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Mock Oxtail

Mock Oxtail


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Mock Oxtail

Why can't we get kosher oxtail? This must be one of the most popular questions facing kosher butcher's in South Africa and many countries all over the world. Unfortunately, for kashering reasons, the tail is probably one of the most difficult parts of the animal to Treiber (de-vein) and during this process it could end up looking a little worse for wear! Maybe what we're really missing is the unique flavour of this slow-cooked dish and the way the meat 'just falls off the bone'! Hopefully this version of 'oxtail' will offer all that and more!


  • Prep Time : 30 min
  • Cook Time : 1 hour, 30 min
  • Ready Time : 2 hour


6-8 Servings


  • 1.5 - 2kg neck of lamb
  • 2 tablespoons gravy powder mixed with 1/2 cup flour
  • little oil for frying
  • 1 cup red wine
  • 2 tablespoons tomato paste
  • 2 onions, roughly chopped
  • 4 large carrots, sliced 1/2 " thick
  • 3 sticks celery, sliced 1/2 " thick
  • 2 tsp pressed or finely chopped garlic
  • 1 tsp freshly grated ginger
  • 1 tablespoon finely chopped fresh parsley or 3/4 tsp dried parsley
  • 1 tablespoon chopped fresh thyme or 3/4 tsp dried thyme
  • 1 cup home-made chicken stock or 1 chicken stock cube dissolved in 1 cup boiling water
  • 1 cup beef stock (1 beef cube dissolved in 1 cup boiling water)
  • 1 X 15.5 oz can small white beans (reserve the liquid)
  • 2 bay leaves
  • salt and pepper


1.  Preheat the oven to 350 deg F.
2.  Roll the lamb in the gravy powder and flour mixture until all the pieces are well coated.
3. Pour a little oil in a heavy-based saucepan or large frying pan and fry the meat for a few minutes just to brown it.
4.  The meat must not burn, as the vegetables and wine still have to be cooked in the same pan.
5.  Remove the meat from the pan and place it in a medium-sized casserole or roasting dish.
6.  Pour the wine into the frying pan or saucepan and bring to the boil.  While the wine is simmering, add the tomato paste and keep stirring.  Pour this over the meat.
7.  Return the pan to the heat, add a little oil and fry the onions, carrots, celery, garlic, ginger, pasley and thyme for a few minutes.
8.  Remove the vegetables from the pan and place them on top of the meat in the casserole or roasting pan.
9.  Add the chicken and beef stock to the meat and vegetables and mix well.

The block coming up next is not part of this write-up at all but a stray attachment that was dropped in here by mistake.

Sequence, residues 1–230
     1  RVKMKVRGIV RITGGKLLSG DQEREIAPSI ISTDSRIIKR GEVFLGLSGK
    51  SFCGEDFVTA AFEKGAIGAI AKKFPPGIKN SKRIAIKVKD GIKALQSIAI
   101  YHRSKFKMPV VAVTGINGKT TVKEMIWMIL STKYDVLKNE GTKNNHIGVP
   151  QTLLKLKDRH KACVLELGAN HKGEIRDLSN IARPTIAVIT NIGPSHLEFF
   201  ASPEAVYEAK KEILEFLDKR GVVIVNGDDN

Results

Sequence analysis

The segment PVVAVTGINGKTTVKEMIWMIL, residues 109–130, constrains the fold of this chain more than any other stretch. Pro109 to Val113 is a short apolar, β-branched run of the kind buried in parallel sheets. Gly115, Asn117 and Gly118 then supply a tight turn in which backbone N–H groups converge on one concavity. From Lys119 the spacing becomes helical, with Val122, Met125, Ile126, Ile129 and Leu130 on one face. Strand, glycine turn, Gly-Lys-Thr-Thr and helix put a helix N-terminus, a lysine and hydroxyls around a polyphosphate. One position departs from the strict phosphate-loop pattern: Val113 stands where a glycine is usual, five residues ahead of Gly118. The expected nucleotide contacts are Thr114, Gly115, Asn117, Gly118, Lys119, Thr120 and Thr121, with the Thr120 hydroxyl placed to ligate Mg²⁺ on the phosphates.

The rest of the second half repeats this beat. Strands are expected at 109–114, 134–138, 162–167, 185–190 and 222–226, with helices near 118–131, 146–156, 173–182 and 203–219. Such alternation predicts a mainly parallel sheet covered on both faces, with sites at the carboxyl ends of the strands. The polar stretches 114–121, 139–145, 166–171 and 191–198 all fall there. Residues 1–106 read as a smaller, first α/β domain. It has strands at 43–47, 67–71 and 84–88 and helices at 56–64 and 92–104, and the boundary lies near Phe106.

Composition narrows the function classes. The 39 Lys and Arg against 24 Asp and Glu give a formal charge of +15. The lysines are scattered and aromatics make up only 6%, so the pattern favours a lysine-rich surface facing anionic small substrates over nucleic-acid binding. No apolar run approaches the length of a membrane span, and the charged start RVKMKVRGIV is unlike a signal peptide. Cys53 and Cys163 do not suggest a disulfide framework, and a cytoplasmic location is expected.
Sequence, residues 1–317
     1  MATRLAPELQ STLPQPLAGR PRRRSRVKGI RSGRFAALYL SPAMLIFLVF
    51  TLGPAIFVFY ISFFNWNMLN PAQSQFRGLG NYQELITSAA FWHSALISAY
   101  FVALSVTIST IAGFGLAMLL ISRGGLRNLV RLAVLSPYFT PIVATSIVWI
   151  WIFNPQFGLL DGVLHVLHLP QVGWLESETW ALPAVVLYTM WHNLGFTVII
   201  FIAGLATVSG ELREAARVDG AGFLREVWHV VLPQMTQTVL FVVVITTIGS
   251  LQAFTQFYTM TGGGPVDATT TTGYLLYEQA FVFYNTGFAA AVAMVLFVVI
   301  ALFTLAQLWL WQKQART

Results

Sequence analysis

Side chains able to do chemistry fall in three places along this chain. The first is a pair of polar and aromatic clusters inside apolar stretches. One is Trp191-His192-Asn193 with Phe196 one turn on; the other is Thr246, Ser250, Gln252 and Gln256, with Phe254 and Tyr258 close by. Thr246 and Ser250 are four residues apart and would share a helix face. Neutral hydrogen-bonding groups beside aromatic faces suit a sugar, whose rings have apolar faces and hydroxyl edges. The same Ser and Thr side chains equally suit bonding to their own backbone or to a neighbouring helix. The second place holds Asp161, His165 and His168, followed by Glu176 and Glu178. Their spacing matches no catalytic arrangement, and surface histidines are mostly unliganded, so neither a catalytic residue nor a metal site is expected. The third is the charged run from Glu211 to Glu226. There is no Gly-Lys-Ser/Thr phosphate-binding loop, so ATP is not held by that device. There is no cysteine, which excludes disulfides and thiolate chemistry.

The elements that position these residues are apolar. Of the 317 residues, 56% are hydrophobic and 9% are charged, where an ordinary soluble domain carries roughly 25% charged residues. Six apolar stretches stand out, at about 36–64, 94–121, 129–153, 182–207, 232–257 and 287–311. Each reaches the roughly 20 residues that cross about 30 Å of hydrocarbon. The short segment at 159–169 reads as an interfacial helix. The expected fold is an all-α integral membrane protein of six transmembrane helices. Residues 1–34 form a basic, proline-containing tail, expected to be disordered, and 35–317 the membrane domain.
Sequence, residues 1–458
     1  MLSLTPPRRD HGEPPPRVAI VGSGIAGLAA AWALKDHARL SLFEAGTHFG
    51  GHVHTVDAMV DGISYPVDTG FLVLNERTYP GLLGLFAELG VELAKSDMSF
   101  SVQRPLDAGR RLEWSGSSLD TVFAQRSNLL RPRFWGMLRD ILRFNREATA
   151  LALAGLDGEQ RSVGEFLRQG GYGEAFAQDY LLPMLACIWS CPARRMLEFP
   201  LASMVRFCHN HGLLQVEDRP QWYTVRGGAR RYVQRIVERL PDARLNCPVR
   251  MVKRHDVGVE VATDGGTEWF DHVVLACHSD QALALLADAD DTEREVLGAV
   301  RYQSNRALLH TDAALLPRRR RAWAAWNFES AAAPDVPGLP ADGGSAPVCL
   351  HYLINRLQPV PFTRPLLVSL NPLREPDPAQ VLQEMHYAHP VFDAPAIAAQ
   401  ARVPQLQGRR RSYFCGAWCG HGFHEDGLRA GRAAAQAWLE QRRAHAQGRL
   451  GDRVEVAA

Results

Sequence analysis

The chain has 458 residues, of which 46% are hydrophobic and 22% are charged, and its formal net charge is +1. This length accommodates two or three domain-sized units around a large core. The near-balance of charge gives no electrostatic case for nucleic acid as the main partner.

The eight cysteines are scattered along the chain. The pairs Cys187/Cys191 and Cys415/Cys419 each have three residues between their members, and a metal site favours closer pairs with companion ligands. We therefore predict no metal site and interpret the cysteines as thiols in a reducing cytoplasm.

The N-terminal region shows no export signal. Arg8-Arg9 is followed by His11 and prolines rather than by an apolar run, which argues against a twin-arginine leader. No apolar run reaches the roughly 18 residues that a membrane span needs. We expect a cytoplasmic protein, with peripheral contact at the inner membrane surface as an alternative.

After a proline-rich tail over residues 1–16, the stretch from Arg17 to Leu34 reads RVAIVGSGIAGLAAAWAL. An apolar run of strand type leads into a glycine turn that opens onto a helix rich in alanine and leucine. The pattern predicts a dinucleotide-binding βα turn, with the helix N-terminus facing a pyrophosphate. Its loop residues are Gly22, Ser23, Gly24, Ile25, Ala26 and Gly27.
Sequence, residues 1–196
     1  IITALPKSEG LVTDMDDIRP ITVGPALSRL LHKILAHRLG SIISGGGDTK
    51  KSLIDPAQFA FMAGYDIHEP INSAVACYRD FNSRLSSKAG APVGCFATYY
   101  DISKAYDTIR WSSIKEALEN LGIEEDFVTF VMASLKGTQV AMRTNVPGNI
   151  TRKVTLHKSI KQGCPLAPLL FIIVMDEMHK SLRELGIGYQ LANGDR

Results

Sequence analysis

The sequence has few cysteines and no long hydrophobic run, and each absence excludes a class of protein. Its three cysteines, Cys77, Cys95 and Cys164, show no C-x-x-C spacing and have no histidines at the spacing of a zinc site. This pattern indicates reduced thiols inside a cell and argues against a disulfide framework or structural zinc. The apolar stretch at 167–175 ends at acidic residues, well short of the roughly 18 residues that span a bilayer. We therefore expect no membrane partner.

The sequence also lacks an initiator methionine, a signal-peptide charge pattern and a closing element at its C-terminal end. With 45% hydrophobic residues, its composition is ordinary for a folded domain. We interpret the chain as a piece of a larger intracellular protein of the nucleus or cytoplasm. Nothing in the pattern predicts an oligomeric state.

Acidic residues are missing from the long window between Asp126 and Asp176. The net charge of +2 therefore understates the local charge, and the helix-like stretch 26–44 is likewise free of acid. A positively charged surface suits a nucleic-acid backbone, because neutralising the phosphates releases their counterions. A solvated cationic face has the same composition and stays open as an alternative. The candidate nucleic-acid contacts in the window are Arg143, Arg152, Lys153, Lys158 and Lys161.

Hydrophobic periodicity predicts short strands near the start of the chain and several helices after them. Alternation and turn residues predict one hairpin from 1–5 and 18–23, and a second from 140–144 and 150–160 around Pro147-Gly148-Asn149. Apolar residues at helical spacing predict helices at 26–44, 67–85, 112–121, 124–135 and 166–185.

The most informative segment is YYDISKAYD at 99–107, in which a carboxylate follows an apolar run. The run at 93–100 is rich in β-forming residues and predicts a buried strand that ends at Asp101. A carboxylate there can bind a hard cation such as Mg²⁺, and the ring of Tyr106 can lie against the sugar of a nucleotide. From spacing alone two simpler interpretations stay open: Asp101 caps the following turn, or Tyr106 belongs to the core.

10.  Add the canned beans (with liquid) and place a bay leaf at either end of the dish.
11.   Grind a little salt and pepper over the meat.
12.  Cover the casserole or roasting dish with a lid or aluminiium foil, and  cook in the oven for 1 hour.
13.   Reduce the heat to 320 deg F, give it a gentle stir and continue to cook, covered, for 1 1/2 hours or until tender.
14. If you think the gravy is too watery, remove the lid or foil for the last 30 minutes to allow it to reduce and thicken.
15.  Serve with mashed potatoes and peas and some bread for dunking.
NOTE:  Ask the butcher for whole necks cut into 1 1/2 ” – 2 ” thick slices – like thick rings.

About The Kosher Butcher's Wife


Sharon Lurie is The Kosher Butcher's Wife. Written in a humorous, fun style, Sharon's first book, Cooking with the Kosher Butcher's Wife, set out to dispel the old myth that kosher meat is tough, dry and boring and in doing so, took the monotony our of mince and put the bounce back into Brisket. In her latest book 'Celebrating with the Kosher Butcher's Wife, Sharon takes you on her trip down memory lane, where she proves traditional recipes don't have to be tired and old fashioned, but rather, very trendy and abosulutely delicious.. Visit Celebrating with the Kosher Butcher's Wife!




10 Responses to Mock Oxtail

  1. avatar says: mushi

    Now this sounds delicious. I am in Los Angeles, and am able to get glatt kosher (beef?) ox tails, actually have some in my freezer… so I’m definitely going to have to try this recipe. Thanks again, for your great recipes!

  2. It is freezing cold at the moment in SA – guess what we’re having for Shabbos lunch tomorrow!! Mock Oxtail with extra beans!! Just put on cholent pot/crockpot – can’t wait will think of you while I’m eating it!!

  3. avatar says: Ruth

    We are very fortunate that oxtails are available. Often put one into the cholent.

    • avatar says: Rahel

      I do the same. It’s my standard cholent meat. What gravy powder, haven’t seen it where I live.

    • I have to admit I’m envious! But for good reason. I’m sure your cholent tastes delicious. Have a good Shabbos

  4. avatar says: Shaini

    Sharon, I’m actually not in the US. I’m an Australian. What is Bisto? But can someone tell me what gravy powder is or what I can use as a substitute?

    • Bisto is a gravy powder, thickner, colour enhancer. In other words it gives the gravy a lovely brown colour. However, don’t worry too much as you you’ll get that lovely colour from the flour dusted meat which when you fry it. It will turn the bottom of the pan a lovely golden brown and you will be able to pick up that colouring when you deglaze. Don’t panic about the bisto.

  5. avatar says: Opal

    this recipe sounds very good. I have eaten braised oxtails, my mother’s recipe that I lost. Can I use beef shanks in place of the lamb neck?

  6. Yes you can use beef shanks. Some people (including my own Rabbi) don’t enjoy lamb. However, you could also try my Osso Bucco on this site, made with Beef Shanks!

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